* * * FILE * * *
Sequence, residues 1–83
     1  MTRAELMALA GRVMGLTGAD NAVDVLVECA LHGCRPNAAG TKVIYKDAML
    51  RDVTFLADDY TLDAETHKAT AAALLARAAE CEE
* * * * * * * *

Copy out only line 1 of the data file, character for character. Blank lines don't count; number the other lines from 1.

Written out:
Sequence, residues 1–83